After I filtered the bag of words by stopwords and length, I want to transform all of my words to lowercase since the same word would be counted differently if it was in uppercase vs. lowercase. Select the operator “Transform Cases” and drag it into the process.

5) Now that I have the sufficient operators in my process for this example, I check all of my node connections and click the “Play” button to run my process. If all goes well, your output should look like this in the results view:

Congrats! You are now able to see a word list containing all the different words in your document and their occurrence count next to it in the “Total Occurences” column. If you do not get this output, make sure that all of your nodes are connected correctly and also to the right type. Some errors are because your output at one node does not match the type expected at the input of the next node of an operator. If you are still having trouble, please comment or check out the Rapid-i support forum.

 

how to export Rapidminer process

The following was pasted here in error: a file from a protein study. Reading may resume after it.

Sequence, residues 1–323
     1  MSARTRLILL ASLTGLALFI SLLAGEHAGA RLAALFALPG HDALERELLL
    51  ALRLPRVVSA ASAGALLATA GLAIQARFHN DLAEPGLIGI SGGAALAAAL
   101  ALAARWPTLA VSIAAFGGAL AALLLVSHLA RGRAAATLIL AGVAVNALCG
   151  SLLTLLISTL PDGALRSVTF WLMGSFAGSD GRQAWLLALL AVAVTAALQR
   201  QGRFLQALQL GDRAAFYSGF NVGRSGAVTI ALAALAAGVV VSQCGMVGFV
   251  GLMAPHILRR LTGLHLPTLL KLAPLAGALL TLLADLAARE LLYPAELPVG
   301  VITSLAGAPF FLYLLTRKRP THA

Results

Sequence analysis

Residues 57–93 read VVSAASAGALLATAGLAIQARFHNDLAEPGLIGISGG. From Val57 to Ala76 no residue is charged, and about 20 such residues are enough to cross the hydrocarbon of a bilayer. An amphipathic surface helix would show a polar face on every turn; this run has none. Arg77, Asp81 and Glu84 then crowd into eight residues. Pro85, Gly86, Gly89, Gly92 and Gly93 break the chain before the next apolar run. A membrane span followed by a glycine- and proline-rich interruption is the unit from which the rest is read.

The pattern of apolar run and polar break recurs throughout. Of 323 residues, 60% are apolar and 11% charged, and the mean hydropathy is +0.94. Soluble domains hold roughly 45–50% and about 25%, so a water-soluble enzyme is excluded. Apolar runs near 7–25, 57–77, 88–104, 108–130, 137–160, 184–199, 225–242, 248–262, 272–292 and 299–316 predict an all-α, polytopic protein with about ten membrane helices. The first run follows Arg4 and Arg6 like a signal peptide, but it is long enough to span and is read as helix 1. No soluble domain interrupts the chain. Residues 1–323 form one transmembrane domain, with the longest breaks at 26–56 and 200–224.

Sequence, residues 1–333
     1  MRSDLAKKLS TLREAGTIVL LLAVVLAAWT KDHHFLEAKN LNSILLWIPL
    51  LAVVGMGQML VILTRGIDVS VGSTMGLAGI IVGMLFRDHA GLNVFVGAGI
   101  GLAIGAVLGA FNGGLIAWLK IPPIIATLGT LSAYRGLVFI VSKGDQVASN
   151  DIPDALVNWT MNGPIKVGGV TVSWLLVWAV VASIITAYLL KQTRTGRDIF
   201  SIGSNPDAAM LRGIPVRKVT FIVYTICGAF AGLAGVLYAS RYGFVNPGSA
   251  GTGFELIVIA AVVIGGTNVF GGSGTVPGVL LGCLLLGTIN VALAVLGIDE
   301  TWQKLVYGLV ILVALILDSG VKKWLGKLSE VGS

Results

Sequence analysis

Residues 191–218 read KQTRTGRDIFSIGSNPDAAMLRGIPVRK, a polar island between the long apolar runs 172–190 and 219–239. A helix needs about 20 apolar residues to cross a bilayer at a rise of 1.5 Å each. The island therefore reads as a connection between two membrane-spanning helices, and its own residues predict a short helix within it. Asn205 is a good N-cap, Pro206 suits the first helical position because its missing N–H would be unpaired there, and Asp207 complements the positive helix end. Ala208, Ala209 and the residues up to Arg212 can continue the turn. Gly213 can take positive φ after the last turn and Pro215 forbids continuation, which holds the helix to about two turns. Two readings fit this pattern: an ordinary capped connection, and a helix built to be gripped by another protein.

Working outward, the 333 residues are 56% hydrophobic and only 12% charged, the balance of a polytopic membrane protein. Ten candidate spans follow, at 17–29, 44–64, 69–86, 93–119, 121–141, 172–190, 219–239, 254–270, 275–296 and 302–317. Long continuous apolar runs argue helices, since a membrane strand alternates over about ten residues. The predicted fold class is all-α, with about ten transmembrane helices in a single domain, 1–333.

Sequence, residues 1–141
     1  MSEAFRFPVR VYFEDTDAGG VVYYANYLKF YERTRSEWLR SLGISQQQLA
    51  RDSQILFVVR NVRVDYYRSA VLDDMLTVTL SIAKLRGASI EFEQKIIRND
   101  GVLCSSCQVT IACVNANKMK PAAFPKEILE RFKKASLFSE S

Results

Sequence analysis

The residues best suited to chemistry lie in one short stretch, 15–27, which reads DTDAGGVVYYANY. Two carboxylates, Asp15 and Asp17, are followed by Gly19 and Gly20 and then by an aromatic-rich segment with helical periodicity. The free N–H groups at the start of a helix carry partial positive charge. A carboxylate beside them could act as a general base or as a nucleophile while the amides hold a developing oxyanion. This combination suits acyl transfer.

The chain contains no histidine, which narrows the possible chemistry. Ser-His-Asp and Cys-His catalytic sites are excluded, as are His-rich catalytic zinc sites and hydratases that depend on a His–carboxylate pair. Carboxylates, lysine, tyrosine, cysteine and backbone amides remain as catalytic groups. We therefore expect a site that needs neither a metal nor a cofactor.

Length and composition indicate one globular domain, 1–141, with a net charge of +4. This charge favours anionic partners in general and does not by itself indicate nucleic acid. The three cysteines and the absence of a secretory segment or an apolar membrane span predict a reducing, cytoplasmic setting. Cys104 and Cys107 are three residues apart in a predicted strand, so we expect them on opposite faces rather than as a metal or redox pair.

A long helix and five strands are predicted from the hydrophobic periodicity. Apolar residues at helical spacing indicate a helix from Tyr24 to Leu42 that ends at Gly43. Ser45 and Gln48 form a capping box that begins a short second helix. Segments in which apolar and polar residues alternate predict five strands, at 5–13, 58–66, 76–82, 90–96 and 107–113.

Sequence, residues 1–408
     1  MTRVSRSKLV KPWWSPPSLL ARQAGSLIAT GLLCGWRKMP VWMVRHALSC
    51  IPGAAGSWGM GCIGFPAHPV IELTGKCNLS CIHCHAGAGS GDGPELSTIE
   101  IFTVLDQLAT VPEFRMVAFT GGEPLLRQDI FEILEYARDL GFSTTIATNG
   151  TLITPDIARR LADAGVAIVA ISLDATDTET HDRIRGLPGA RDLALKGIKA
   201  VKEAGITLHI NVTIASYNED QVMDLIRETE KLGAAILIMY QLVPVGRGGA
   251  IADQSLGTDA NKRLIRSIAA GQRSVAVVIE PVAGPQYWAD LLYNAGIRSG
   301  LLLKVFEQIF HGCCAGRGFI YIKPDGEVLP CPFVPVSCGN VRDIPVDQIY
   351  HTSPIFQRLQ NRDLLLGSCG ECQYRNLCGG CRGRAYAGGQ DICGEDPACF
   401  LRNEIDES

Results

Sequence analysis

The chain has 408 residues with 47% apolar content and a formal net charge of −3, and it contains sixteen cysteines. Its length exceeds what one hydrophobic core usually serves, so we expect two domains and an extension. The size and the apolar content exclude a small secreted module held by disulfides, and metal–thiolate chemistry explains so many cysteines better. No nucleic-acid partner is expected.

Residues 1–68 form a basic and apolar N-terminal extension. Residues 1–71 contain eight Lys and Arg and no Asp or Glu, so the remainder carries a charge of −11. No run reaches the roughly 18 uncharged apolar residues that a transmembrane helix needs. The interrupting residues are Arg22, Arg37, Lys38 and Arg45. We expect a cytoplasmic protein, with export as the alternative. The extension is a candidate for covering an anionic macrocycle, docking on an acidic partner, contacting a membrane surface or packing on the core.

This PostgreSQL tutorial is designed for intermediate level users who are trying to export stored data as a CSV file.  This style of exporting can be achieved using a few different COPY TO queries, which can help you separate out the valuable information required for each data export.  By completing this tutorial users will also gain the skills for importing CSV data directly into their PostgreSQL database using the COPY FROM SQL syntax.

 

The CSV file format can be much more useful then other spreadsheet formats such as Microsoft Excel (XLS) because the CSV doesn’t have file length limitations included with it.  By exporting your PostgreSQL data into a CSV file you have the ability to store 100,000 or millions of rows of data, whereas XLS can only store up to ~ 65000 rows.  Therefore, if you wish to export a larger data set (more then 65,000 records), all your information can be saved into a single file using a COPY TO query.

 

Before we can start exporting the data to CSV file, we must make sure that we have setup a location on your Linux server that has the correct file permissions.  Navigate to the pgsql/data folder on your system, ex. /usr/local/pgsql/data.

 

cd /usr/local/pgsql

 

Enter the following commands to setup a new directory called csv, which is owned by the postgres user.